Final Wishes (Aging Parent Series)

What happens after the fat lady sings?

The fact is 100% of humans will die at some point in time.

Despite knowing this, I have had so many patients avoid even thinking about what the end of their life and what happens after their death. They merely state, “My family will take care of things.”

I want to touch on a few major areas that I see issues come up and try to get you thinking about what you envision and ultimately want.

Healthcare decisions
Often, I have family members that tell me “I’m the power of attorney.” But did you know that in order to make healthcare decisions, you must have specific written documents pertaining to healthcare? You may have already prepared legal documents assigning who is your POA but unless you have a Healthcare Power of Attorney, as your physician, your legal POA has no meaning to me. Let me also add, if you don’t have written legal paperwork about who your healthcare POA is, in the state of Indiana, your spouse, adult children, parent(s), and adult siblings all have equal say into your care. Indiana does not have a graduated system that assigns priority. This has its benefits and disadvantages but just a word of the wise!

So let me help define some terms and documents (I have used the definitions that my institution and State of Indiana uses).

Advanced Directive is a term that refers to a person’s WRITTEN instructions about his/her medical care and treatment. This is normally prepared in advance of a devastating illness or injury. It typically spells out what the person’s desires about their treatment and names another person to make healthcare decisions for them should they be incapacitated.

The following are examples of different Advanced Directives. You will need to talk with someone who prepares these types of documents (like an attorney or local Agency on Aging) because the requirements differ from state to state.

  • Living Will Declaration is an Advanced Directive but it specifies exactly what kinds of life prolonging procedures or treatments you would want to receive or not want to receive should you become terminally ill and unable to make your own decisions.
  • Life Prolonging Procedures Declaration is another Advanced Directive that tells your wishes about extending their life using life-prolonging procedures.
  • Health Care Representative Appointment also known as “Health Care Power-of-Attorney” is an Advanced Directive document in which you appoint someone else to make decisions about your healthcare ONLY IF you are incapable of making your own decisions.
  • Physician Orders for Scope of Treatment (POST) form is a relatively new form that is actually a direct physician order (so it is signed by you and your physician). This form reflects your wishes about CPR, medical interventions, what type of interventions they would want (comfort care), antibiotics and artificial nutrition. However, unlike the other forms which anyone can have, a POST form requires that you have a chronic disease, illness, or injury that there is no recovery and death could likely occur within a year.

Remember Advanced Directives are only in effect if you are in danger of dying and need life saving measure and can’t speak for yourself. They also can be changed or cancelled at any time.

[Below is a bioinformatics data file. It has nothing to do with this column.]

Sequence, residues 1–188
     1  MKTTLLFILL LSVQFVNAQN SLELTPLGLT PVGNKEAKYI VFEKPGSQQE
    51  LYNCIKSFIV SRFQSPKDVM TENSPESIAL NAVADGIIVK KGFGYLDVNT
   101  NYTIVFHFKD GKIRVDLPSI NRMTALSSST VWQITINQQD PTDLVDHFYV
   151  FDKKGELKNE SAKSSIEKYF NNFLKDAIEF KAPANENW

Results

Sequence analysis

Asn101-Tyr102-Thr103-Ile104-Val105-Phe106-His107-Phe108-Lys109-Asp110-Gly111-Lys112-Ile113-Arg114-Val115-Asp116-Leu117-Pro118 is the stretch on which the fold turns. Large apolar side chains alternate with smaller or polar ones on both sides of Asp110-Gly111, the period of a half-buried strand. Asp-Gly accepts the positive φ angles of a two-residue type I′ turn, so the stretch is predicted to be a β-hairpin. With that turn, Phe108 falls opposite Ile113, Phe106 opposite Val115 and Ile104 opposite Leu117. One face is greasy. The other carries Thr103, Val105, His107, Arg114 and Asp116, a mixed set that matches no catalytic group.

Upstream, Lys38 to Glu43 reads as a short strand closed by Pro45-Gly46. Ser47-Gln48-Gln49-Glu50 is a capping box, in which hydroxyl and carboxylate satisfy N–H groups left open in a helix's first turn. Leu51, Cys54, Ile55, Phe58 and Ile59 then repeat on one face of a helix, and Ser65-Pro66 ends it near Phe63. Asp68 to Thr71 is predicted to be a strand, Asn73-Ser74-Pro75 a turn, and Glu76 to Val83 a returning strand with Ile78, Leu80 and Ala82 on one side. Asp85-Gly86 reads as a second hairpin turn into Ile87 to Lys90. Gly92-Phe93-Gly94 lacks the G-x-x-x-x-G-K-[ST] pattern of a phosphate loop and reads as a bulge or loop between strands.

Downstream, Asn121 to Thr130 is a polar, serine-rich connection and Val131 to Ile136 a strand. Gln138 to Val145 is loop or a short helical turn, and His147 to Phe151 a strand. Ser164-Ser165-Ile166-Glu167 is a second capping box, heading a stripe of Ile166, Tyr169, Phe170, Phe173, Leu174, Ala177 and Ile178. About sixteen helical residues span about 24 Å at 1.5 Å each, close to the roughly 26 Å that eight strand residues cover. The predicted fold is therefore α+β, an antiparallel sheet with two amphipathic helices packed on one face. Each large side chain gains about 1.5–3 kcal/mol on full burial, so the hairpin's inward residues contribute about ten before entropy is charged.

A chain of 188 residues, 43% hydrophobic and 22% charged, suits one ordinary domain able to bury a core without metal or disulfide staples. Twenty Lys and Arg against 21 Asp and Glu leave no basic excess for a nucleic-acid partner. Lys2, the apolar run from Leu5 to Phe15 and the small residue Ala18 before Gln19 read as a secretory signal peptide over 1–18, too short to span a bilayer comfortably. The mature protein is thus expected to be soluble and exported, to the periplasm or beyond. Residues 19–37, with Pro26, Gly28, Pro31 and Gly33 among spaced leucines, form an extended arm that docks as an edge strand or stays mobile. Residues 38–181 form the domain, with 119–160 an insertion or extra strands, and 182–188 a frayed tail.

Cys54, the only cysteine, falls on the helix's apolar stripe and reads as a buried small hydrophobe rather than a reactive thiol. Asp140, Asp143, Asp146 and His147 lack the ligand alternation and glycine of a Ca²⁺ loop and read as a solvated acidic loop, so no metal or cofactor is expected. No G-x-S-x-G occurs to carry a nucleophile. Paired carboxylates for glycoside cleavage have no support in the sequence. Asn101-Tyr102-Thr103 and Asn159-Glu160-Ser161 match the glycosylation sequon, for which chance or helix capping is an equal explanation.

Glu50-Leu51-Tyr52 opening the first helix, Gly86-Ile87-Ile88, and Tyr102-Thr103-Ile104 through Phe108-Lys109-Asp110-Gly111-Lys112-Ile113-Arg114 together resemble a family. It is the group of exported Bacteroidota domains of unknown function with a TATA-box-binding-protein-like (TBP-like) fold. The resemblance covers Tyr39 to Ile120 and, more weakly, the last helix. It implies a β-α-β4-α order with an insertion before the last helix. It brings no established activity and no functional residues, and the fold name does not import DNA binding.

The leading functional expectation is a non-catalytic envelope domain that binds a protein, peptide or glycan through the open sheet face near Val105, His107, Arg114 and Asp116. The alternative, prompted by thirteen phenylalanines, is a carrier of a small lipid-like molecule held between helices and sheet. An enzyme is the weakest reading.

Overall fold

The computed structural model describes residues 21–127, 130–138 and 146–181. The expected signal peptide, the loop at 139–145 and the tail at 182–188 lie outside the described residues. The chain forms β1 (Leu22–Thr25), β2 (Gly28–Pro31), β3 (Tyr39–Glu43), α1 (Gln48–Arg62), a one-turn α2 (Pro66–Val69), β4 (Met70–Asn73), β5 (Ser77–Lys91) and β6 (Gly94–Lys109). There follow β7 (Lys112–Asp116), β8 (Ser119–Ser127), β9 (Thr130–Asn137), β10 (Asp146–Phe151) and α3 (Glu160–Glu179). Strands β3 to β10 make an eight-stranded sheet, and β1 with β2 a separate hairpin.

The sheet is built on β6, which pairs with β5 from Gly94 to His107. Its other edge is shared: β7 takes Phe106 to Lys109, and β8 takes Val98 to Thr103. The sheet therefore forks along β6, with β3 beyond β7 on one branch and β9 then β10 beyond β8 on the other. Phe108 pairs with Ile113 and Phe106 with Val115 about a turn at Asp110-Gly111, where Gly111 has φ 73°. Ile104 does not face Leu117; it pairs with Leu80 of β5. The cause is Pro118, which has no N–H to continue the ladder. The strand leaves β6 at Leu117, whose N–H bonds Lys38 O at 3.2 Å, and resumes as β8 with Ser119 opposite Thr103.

Resources for Advance Directives
American Bar Association
(search for "Consumer's Tool Kit for Health Care Advance Planning")

National Legal Resource Center

POLST (Physician Orders for Life-Sustaining Treatment)

Put It In Writing
American Hospital Association

End of Life Care
This is a tricky but important topic. I urge you to think about what kind of treatment you DO or DO NOT want in a medical emergency. In thinking about these treatment decisions, it’s important to factor in your personal values. Is your main desire to have the most days of life or the most life in your days? Think about the following questions provided by the NIH:

  • What if an illness leaves you paralyzed or in a permanent coma and you need to be on a ventilator? Would you want that?
  • If a stroke leaves you paralyzed and then your heart stops, would you want CPR? What if you were also mentally impaired by a stroke—does your decision change?
  • What if you are permanently unconscious and then develop pneumonia? Would you want antibiotics and a ventilator used?
  • What if you develop dementia, don’t recognize family and friends, and, in time, cannot feed yourself? Would you want a feeding tube used to give you nutrition?

Any Special Instructions for Family
Within most families, some kind of conflict typically happens. It’s almost always guaranteed. However, I’ve seen that families that talk through tough issues and know their loved one’s wishes, tend to have less fighting. So write down special instructions and tell them to family members in advance so they are not surprised. Areas to address include:

Healthcare decisions:
Who will make your decisions?
What decisions would you want made?

Financial Arrangements
How should your money be spent?
How should your investments be handled?
Do you have any special advisors that you want your family to consult?
What do you want done with your possessions and house?
Any special causes, charities, churches, or organizations that you plan to give to at your death?

Funeral/Death Preparations
Where do you want to be buried?
Or do you want cremated?
Do you already have arrangements made?

By having a plan set up for your family ahead of time, you will make a hard situation somewhat easier to handle. It’s always a great idea to talk with your family and your doctor about these tricky situations.

Be Well!